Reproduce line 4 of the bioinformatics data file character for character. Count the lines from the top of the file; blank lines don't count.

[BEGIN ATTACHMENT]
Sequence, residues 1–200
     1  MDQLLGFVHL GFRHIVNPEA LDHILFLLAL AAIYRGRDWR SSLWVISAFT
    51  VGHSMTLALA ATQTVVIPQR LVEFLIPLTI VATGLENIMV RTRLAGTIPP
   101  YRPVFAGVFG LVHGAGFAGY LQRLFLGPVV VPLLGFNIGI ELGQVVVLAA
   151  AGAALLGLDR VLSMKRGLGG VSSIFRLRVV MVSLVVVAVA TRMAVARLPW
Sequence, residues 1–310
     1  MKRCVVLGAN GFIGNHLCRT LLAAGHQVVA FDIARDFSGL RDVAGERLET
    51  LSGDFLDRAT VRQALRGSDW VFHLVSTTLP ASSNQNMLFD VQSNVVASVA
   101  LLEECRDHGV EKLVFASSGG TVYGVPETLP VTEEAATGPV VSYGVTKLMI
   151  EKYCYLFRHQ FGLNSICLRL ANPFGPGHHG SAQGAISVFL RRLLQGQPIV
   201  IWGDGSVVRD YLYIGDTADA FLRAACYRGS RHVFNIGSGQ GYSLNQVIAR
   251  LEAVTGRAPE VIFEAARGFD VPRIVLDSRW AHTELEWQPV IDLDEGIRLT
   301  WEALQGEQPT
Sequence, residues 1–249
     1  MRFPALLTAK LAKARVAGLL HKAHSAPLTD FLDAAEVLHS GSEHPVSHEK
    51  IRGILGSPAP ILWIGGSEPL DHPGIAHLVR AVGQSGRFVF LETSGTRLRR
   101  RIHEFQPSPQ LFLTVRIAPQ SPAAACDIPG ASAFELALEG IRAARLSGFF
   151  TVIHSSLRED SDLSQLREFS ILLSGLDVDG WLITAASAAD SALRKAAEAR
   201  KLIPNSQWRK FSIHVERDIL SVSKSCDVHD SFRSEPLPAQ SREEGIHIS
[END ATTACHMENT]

   101  YRPVFAGVFG LVHGAGFAGY LQRLFLGPVV VPLLGFNIGI ELGQVVVLAA